Figure 6: Fraction of conserved reactions. Grouping of the information shown in Figure 5 by metabolic subsystem (as annotated in iST807). The overall height of each bar indicates the total fraction of reactions in the metabolic subsystem that are conserved, while the height of individual portions of each bar indicates the relative conservation of reaction in the subsystem from that organism. The 221 archaea were grouped by taxonomic order, yielding 12 distinct groups as seen in the legend. Metabolic subsystems labels are color coded: amino acid metabolism subsystems in blue, vitamin and cofactor metabolism subsystems in green, central metabolism subsystems in red, and other categories in black.
Figure 7: Diversity and phylogeny of metabolic models. (a) The uniqueness of the reactions in each of the metabolic models. Here, we define uniqueness to be the fraction of 221 archaea that do not have the reaction currently present in the respective model; higher uniqueness means fewer of the organisms contain the genes coding enzymes that are annotated by the GPRs of the specified models. The presence of the genes is computed using ITEP as discussed in Figure 5. (b) A phylogenetic tree computed based on similarity to the M. acetivorans model iST807. This tree is based on the ITEP results discussed in Figure 5.

7. Conclusions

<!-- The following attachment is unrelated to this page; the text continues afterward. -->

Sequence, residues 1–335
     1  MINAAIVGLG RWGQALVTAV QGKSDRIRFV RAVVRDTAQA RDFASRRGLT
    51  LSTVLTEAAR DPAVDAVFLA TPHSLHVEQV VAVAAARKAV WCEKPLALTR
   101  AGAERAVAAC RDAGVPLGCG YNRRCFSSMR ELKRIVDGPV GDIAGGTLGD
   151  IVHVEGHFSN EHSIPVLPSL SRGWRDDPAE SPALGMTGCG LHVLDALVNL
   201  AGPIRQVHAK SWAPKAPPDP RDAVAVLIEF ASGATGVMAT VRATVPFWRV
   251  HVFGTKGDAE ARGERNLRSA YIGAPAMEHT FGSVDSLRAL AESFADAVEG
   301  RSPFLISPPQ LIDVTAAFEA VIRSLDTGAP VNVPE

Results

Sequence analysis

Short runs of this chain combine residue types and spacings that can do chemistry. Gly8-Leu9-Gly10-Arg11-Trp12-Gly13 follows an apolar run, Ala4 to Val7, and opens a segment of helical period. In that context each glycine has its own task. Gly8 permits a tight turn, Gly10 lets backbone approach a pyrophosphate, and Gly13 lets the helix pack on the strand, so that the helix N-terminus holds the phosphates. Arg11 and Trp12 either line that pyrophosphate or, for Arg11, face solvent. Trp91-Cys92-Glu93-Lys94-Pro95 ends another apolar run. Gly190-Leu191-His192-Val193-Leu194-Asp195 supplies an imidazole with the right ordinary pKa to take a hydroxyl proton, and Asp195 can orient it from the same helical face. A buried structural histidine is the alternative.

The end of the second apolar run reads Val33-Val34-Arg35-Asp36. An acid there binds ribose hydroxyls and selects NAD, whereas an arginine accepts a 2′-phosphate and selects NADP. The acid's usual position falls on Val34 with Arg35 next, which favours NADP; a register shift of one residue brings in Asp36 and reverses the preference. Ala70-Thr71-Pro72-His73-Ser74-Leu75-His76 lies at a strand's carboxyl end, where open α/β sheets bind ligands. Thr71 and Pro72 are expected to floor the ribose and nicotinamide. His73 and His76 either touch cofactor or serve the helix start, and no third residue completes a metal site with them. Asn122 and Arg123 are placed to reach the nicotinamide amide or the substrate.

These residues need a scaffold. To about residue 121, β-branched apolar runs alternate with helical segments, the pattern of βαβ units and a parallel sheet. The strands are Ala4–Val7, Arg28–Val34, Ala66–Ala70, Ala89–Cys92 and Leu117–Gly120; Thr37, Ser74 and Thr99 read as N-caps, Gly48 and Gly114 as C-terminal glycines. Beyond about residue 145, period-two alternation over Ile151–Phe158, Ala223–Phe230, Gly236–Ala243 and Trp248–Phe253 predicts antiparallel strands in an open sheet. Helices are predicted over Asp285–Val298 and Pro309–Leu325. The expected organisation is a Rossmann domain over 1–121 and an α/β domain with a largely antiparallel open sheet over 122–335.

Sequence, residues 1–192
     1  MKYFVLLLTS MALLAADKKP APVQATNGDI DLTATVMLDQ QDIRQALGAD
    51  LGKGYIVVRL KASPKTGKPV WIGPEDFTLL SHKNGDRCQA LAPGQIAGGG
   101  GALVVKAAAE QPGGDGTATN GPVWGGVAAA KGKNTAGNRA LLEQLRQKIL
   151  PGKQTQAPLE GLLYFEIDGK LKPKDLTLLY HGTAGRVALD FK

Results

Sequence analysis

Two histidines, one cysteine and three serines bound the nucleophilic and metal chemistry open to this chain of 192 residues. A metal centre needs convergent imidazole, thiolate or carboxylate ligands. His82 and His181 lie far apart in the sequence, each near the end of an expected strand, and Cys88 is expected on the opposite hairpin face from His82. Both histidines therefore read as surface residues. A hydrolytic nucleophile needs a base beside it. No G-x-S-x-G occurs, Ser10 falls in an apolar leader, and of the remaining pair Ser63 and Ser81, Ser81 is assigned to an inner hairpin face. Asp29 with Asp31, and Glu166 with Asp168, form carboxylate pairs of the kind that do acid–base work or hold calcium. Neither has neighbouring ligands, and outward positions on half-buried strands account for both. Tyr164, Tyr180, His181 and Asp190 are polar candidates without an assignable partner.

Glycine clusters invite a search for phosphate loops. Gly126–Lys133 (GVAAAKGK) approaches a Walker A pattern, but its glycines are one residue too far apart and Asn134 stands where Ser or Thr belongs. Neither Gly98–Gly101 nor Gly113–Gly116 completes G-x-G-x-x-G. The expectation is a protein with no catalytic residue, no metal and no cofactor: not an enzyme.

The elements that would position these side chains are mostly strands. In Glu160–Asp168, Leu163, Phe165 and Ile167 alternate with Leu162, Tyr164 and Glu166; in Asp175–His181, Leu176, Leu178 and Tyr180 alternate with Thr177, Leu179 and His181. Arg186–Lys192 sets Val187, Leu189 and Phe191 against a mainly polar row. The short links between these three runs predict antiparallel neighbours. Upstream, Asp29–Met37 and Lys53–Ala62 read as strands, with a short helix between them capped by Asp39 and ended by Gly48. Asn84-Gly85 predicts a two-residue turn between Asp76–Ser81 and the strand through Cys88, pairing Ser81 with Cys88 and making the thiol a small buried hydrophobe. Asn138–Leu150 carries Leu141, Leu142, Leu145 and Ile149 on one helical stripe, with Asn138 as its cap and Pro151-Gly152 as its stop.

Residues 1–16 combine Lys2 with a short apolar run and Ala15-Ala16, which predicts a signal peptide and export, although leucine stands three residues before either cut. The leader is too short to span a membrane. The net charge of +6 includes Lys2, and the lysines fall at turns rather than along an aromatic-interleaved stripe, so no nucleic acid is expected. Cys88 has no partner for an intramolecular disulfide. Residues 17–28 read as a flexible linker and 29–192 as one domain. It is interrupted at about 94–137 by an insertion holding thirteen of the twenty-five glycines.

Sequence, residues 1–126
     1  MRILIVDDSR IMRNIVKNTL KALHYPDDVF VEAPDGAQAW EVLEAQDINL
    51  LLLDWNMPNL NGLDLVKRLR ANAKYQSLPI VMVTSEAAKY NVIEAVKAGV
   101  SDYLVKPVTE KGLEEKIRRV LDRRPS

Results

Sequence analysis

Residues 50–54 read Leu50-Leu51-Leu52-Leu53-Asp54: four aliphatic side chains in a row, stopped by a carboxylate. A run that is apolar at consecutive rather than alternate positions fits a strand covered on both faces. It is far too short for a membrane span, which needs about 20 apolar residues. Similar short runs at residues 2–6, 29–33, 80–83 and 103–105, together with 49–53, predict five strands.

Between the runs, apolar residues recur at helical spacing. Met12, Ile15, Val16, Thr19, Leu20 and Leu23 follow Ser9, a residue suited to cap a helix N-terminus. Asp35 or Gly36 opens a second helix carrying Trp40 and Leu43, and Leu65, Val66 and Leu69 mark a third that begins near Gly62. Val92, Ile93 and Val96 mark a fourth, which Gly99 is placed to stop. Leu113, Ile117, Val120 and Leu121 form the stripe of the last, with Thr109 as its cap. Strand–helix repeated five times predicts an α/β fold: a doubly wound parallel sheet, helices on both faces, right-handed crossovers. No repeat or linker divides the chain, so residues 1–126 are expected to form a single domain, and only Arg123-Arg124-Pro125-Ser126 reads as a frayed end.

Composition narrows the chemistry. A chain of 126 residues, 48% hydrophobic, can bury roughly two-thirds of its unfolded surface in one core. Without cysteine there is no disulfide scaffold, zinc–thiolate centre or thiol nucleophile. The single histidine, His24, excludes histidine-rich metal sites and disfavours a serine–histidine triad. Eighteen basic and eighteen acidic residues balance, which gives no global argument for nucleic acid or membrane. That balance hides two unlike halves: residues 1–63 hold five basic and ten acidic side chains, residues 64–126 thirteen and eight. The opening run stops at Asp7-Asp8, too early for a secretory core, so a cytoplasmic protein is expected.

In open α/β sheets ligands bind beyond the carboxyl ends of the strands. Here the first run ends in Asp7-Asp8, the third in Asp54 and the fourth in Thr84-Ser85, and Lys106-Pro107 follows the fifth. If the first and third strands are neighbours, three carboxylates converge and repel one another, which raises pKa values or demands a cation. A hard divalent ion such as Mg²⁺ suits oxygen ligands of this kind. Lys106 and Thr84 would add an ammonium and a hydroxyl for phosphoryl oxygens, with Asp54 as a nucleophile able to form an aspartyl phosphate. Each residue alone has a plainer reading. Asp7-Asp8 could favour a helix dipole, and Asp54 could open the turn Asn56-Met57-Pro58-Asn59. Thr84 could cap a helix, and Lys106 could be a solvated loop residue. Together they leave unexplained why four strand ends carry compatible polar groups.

We have presented an overview of genome-scale metabolic models and discussed the defining metabolic features among the few GEMs available for archaea. In these discussions, we have also highlighted some much-needed improvements to model building practices in order to facilitate the development of archaeal models. By using the gene-protein-reaction associations in these archaeal GEMs, we also demonstrate the invaluable utility of these metabolic models as they can be extended beyond flux analysis to gain significant insight into evolutionary patterns among organisms. Visualizing the known archaeal metabolic models on a phylogenetic tree (see Figure 1) leads to the conclusion that model development in the community thus far has mostly focused on Euryarchaeota, leaving the Crenarchaeota largely unexplored. Although models do not yet exist for members of the Archaeoglobi, Thermoplasmata, and Thermococci classes, all other major Euryarchaeota classes have at least one representative model. This is not to underestimate the importance of further developing these Euryarchaeota models as Archaeoglobi have some of the most diverse metabolisms of any Euryarchaeota, capable of chemolithotrophy by reduction of sulfates, thiosulfates, nitrates, and heterotrophy via reduction of sulfates via organic compounds [95]. However, the paucity of GEMs for the Crenarchaeota is a major impediment for a comprehensive study of evolution and diversity in archaea. GEMs are invaluable tools to help guide the exploration and comparison of the great metabolic diversity of energy conservation in these organisms which are capable of sulfate reduction both chemolithotrophically and heterotrophically (members of the Desulfococcales), nitrate reduction (members of Thermoproteales) hydrogen oxidation, and sulfur reduction (members of the Sulfolobales) [95]. The existence of diverse energy conservation pathways will likely come with diverse electron transport chain and transport systems. Understanding these unique characteristics will be paramount in understanding growth in extreme conditions and syntrophy among microorganisms as well as for engineering communities for biotechnology applications.